Next, move the lights into position around your "hero" model so that you can see the results clearly. Attach an RMSGPSurface shader to your "hero", and, in the attribute editor, find the "Light Groups" parameter (under Advanced). This is an array parameter. Type in the name of one of the groups, then add the next one in the text field that appears below. (Note that, due to a refresh issue when editing array parameters, you will need to click away from the shader and back to see the next line appear. If you can see the node for the shader in the node graph or outliner you can simply click on that node and it will cause the parameters to refresh without changing the active selection in the attribute editor).
The final step is to add the AOVs. Open up the Renderman Controls window and change the view to Job Settings. There you will find the output pass that you want to add the AOVs to. Click on the pass, then choose:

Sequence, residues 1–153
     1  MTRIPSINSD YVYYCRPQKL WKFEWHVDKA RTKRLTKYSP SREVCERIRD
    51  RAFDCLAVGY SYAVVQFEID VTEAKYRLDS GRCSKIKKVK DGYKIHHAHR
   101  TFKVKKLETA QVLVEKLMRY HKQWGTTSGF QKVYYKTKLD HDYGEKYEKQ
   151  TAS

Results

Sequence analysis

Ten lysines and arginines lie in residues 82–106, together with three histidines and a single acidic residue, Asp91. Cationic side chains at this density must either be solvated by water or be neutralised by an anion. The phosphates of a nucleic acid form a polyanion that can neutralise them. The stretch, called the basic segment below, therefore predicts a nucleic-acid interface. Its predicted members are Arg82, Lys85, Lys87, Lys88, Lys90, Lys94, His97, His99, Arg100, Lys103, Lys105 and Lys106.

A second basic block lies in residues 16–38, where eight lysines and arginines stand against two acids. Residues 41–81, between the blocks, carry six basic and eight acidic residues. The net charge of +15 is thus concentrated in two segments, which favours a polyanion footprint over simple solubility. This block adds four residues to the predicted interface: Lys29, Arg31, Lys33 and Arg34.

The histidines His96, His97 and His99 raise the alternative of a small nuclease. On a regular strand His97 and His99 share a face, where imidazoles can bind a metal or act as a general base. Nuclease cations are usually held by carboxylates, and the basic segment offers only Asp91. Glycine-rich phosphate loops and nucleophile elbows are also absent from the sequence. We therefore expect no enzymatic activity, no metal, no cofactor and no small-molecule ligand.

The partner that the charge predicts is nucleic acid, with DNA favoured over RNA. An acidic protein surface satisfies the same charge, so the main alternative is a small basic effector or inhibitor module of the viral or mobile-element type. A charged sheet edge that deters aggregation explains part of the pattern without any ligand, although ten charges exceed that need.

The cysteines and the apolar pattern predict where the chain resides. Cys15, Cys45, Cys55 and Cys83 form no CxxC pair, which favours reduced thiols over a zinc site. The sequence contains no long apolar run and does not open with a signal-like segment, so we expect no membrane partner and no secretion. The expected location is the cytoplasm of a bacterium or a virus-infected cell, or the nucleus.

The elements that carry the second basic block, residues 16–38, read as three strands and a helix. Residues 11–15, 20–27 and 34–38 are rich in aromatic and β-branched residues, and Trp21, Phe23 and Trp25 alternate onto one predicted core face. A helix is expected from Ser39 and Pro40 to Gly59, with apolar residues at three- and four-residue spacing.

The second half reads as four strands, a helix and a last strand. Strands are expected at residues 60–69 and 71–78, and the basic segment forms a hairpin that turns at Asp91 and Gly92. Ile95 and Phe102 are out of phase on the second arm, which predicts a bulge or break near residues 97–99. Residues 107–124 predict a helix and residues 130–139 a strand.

Outputs -> Add Channels/Outputs -> Custom
Add, for example, "color GroupedSpecular_Left" in the text field, then press the add (+) button. The do the same thing to add "color GroupedSpecular_Right", "color GroupedSpecular_Up", "color GroupedDiffuse_Left", "color GroupedDiffuse_Right", and "color GroupedDiffuse_Up".
Once you've added these custom AOVs, select them in the list and right-click, then choose Create Outputs from Channels. Now everything is set up and, when you render, if you have aovs turned on for your preview render, you will get AOVs for each light group.
Using Portals, Gobos, and Volume Blockers
The new Geometric Area Lights natively support the notion of portals, which act as a virtual window where light comes through, gobos, which filter the light that passes through them, and volume blockers, which reduce the intensity of the light within a superellipsoid volume. They all have the same usage, and you can use as many of them as you like per light.
Let's look at using portals with an environment light first.